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Bible Study: Lent 5 (A) – 2023
March 26, 2023
In addition to its inclusion in the fifth Sunday of Lent, this well-known passage also serves as one of the suggested readings for the Great Vigil of Easter. Hearing it, then, may conjure memories of a darkened room, lit only by candlelight, and filled with expectation and the stories of God’s mighty works in the lives of our ancestors. This story is full of rich imagery and a theology of partnership between God and the prophet and hope for God’s future: a future with real, living bodies. In this passage, we see the two necessary elements for human life: real, living bodies and the life-giving breath of God. It is important to note that the word “breath” in this passage is the Hebrew word ruach which can be translated as breath, wind, and spirit. This is the same ruach that hovered over the face of the deep in the creation story. It is the same ruach that blew all night over the sea so that the Israelites could cross on dry land. And it is the same ruach that brings these dry bones to life.
There is another easy-to-miss word that might provide a new layer of meaning to this passage. In verse 9, the mortal is commanded to prophesy to the breath that these “slain” might live. This is the same word used in Genesis to describe Cain’s murder of Abel. It does not merely mean dead, or even killed, but killed violently and unjustly: slain. Therefore, this valley of dry bones represents not only mortality and desolation but also the result of war and violence. It is emblematic of human division and brokenness – the very things God undoes in this passage, one bone, one ligament, one breath at a time. The use of the word slain, then, invites us to reflect on how God’s mighty power might bring new life to our own experiences of desolation at the hands of sinful realities that harm and destroy the children of God.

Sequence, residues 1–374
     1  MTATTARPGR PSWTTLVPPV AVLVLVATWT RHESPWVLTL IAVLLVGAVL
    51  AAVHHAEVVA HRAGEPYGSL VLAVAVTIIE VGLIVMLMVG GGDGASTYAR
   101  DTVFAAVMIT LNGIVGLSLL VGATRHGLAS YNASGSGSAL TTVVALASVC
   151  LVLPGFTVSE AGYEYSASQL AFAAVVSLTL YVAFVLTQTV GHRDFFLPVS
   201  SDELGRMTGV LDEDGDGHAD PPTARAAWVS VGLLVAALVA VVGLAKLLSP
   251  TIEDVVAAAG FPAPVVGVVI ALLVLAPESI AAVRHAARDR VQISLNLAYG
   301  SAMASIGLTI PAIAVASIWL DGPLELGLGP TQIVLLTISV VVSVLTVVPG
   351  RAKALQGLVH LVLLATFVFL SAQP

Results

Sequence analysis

- What are some of our own realities of violence and human cruelty that God seeks to undo? Where might we most desire God’s resurrection?
- What are some ways we can prepare for the breath of God to enter our lives? Has it entered already?
Like much of Hebrew poetry, this psalm makes excellent use of parallelisms in its structure and intense, embodied spiritual language in its content (more on this later). Parallelisms in Hebrew poetry exist in every verse, with each half of the verse commenting on or intensifying the content of the other half. Take verse 5 for example: “My soul waits for the Lord.” How much does your soul wait for the Lord? “More than watchmen for the morning.” The intensity of the psalmist’s experience of longing for the Lord is more than those who watch for the dangers of the night to slip away with the new dawn. Parallelism can also go beyond each verse, putting multiple verses in parallel to each other. Take verses 5 and 6 for example. Verse 5, as we have seen, gives voice to a personal experience of faith and longing. This is then reflected outwardly in verse 6 with the use of the imperative verb tense, imploring Israel to wait for the Lord in the same way that the psalmist does. The beauty and artistry of Hebrew poetry, then, rests not only in wordplay or rhyme (which it does still have) but in its use of parallelism to expand and intensify its contents in many different directions at once.
As for the content of this psalm, its embodied spirituality may not be readily evident in English. For example, the word nefesh (most often translated as “soul” in English translations of the psalms) literally refers to the throat or breath of a living being. This allows us to embody the linguistic and theological world of ancient Hebrew by imagining our very throats, rather than primarily a disembodied spirit, longing for the living God. When encountering psalms and other Hebrew poetry such as Job or the prophetic writings, try to take note of every time a spiritual reality (such as longing for God) is given a physical form (my throat/breath longs for God). This practice can allow us to feel the text in our very bodies, an experience, I believe, its authors were hoping for.
- Is there a part of your body that you most associate with your soul? How does the Hebrew language’s direct link between the body and the soul inform us theologically?
- Do you notice any other parallelisms in this psalm? What stands out to you?